The Encourager

The Encourager

“The Danger of Compromise - by David Weaks”

The Danger of Compromise

by David Weaks

You have always heard that compromise is a virtue. However, this is not always true. One cannot compromise with error.

God’s word is truth (John 17:17). We are not allowed to take away from nor add anything to the word of God (Rev. 22:18- 19). Any attempt to do so would create “another gospel which is not another;” it would be a perverted gospel (Gal. 1:6-7). To change the word of God on any point, or to preach another gospel is anathema to God (vs. 8-9). God does not change (Mal. 3:6; James 1:17), and we should never believe ourselves at liberty to compromise the truth, even once.

Yet, our age is one of compromise. Society has bowed the knee in compromise to every evil thing that humans can invent in the name of “acceptance” and “open mindedness.” We are lectured daily by a liberal world that “love” is the paramount good in life, and that love means you must embrace all that God calls sin. In fact, these people believe it is more important to tolerate people’s sins than to be loyal to God. This view of love is alien to the Bible.

The Bible defines love as showing respect for the word of God and keeping His commandments (John 14:15, 23). How can one say he loves God properly when he compromises God’s word in order to embrace what is unholy? The inconsistency of this position is staggering.

Within the church there is a greater compulsion to compromise than ever before. Gospel preaching must never compromise with error. Paul said that Christians are not supposed to have fellowship with the unfruitful works of darkness, we are supposed to expose them (Eph. 5:11). We are supposed to “fight the good fight of faith” (1 Tim. 6:12). The weapons of our warfare are not carnal but mighty in God, capable of pulling down strongholds and everything that exalts itself against the knowledge of God (2 Cor. 10:4-5). We Christians wield the sharp two-edged “sword of the spirit,” the word of God, which is so powerful it exposes everything it touches with precision (Eph. 6:17; Heb. 4:12).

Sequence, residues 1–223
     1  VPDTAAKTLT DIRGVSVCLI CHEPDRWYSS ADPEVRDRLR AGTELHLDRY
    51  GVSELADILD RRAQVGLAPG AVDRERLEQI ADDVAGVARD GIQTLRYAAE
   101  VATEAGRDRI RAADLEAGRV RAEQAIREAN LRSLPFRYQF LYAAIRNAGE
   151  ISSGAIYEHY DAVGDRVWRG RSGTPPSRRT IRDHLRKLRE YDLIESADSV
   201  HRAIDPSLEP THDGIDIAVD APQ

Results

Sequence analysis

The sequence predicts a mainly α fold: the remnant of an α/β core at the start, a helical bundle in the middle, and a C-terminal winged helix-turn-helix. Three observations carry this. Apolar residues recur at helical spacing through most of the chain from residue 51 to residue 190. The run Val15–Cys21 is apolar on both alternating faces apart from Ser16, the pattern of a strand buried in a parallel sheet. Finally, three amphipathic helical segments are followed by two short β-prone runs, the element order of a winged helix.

Unfortunately, aging warriors of the cross who fought the battle for truth in the past are dying out one by one. In their place are men who keep the tip of their sword aimed at the ground for fear of appearing too aggressive. Their grip on the sword of the Spirit is loose, and it is liable to be knocked from their hands by any actual spiritual warfare. Faithful preachers, elders, and brethren of the past kept the sword of the Spirit at the ready, in fighting position, and wielded it against every error that advanced against the truth. Now, the fear of being too militant and too rigid frightens many into silence.

The desire to “find common ground” with those in error has become the most important thing. Statements like: “You make a good point” and “I see where you’re coming from” have replaced: “Have you not read” and “Thus saith the Lord…” (Matt. 12:3, 5; 19:4; 23:31). Have we forgotten the fact that false doctrine destroys like cancer (2 Tim. 2:17)? The apostle Paul dealt sternly with false teachers so that they “might learn not to blaspheme” (1 Tim. 1:20). Jesus Christ, our Lord, challenged the teachers of error in His time. He called the scribes and Pharisees, hypocrites (Matt. 23). Jesus was so bold in His preaching that the hypocritical leaders of the Jews knew that He was talking about them (Matt. 21:45).

Many brethren say they are in favor of firm, resolute preaching on moral issues, but they blanch at making actual applications. They want preachers to preach against immodesty (1 Tim. 2:9-10; 1 Peter 3:2-4), but they don’t want preachers to single out specific clothing that is immodest, lest permissive parents and their daughters and sons be embarrassed. We are encouraged to preach against false teachers (2 Pet. 2:1ff; Jude), but folks get angry when we actually tie a man to his false doctrine. Yet, Paul exposed false teachers by name so brethren could avoid their error (1 Tim. 1:20; 2 Tim. 2:17).

Compromise is synonymous with capitulation and concession. We can do neither of these when it comes to the truth.